|By Aaron Sims | 1 year ago|
Twenty years after a supercomputer won a chess game against a human world champion, a Google-owned artificial-intelligence system has outdone the world’s top human in the board game Go. The system, DeepMind AlphaGo, played Go world champion Ke Jie and won two games back-to-back out of a three-game matchup.
“I’m a little bit sad, it’s a bit of a regret because I think I played pretty well,” Jie told reporters afterward.
DeepMind AlphaGo is a product of Google subsidiary DeepMind Technologies Limited. The system was built exclusively to play humans at Go, a strategy game that consists of a 19-by-19 grid upon which players take turns placing stones and vie to take control of the most territory.
AlphaGo previously played a human at Go in March 2016 and won, but its latest victory over Jie, the world’s number-one Go player, sets a new precedent for the system’s performance.
Humans and computers have squared off in other high-profile board games over the years. In 1998, IBM computer Depp Blue won a chess game against Garry Kasparov, considered to be the world’s greatest chess player.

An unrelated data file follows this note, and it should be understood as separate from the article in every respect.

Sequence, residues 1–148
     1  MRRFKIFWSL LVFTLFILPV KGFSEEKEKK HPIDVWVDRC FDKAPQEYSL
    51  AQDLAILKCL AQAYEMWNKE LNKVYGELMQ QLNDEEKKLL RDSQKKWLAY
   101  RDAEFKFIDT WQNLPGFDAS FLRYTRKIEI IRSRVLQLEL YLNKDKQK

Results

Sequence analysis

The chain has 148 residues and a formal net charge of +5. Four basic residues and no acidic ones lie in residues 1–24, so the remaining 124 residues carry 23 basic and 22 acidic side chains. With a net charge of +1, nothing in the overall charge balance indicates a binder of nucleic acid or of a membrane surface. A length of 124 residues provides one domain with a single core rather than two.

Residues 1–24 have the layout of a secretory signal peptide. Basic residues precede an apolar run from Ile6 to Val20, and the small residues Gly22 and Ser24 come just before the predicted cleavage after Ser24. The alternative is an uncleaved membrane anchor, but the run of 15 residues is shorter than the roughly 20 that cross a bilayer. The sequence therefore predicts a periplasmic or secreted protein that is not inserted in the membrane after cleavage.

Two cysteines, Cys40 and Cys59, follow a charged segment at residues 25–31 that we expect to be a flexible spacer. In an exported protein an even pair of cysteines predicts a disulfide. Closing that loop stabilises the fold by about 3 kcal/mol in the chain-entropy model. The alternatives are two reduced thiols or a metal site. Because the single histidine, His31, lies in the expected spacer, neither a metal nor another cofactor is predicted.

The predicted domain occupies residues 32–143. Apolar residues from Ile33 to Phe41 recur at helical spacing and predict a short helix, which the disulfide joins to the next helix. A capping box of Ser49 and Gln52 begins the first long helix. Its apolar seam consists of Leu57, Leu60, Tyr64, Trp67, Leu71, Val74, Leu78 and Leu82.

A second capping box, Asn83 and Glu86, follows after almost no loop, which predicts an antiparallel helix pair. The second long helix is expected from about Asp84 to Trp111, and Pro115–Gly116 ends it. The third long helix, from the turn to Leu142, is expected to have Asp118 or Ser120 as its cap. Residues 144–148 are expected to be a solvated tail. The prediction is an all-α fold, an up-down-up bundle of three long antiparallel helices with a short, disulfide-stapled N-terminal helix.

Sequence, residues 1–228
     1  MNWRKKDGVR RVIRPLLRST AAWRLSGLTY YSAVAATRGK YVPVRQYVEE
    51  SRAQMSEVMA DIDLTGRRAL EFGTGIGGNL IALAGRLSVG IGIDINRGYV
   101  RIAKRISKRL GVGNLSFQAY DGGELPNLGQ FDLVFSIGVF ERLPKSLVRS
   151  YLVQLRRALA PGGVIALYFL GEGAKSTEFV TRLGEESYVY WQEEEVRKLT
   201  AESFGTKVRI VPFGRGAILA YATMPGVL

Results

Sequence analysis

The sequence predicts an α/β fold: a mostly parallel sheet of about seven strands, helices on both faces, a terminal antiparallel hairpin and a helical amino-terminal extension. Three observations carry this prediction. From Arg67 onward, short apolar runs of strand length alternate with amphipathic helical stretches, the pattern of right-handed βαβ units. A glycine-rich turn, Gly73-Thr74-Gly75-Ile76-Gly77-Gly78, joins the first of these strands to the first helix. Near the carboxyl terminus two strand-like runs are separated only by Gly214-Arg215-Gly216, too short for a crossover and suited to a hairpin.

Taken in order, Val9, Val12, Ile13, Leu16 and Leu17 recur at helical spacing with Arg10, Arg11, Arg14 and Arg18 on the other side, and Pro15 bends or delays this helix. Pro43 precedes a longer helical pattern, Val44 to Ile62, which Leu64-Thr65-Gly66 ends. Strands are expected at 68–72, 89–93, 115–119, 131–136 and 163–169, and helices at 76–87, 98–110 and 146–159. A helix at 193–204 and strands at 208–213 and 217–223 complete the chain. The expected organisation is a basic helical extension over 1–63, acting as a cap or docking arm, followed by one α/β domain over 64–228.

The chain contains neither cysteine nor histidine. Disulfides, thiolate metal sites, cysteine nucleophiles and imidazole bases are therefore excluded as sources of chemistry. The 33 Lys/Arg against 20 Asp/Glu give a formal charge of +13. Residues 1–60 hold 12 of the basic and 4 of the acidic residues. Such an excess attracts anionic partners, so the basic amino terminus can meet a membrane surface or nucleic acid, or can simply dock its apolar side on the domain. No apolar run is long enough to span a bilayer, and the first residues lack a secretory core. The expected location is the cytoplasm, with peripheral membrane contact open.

Go is a greater challenge for a computer, however. Or for humans, for that matter: Observers describe it as one of the world’s most complex game. AlphaGo prepped for the match by analyzing hundreds of Go games and playing matches against itself.
DeepMind said that as it further refines artificial-intelligence technology, it hopes to deploy it in medicine and science. The company is already working with Great Britain’s National Health Service to develop new software-based tools for diagnosis.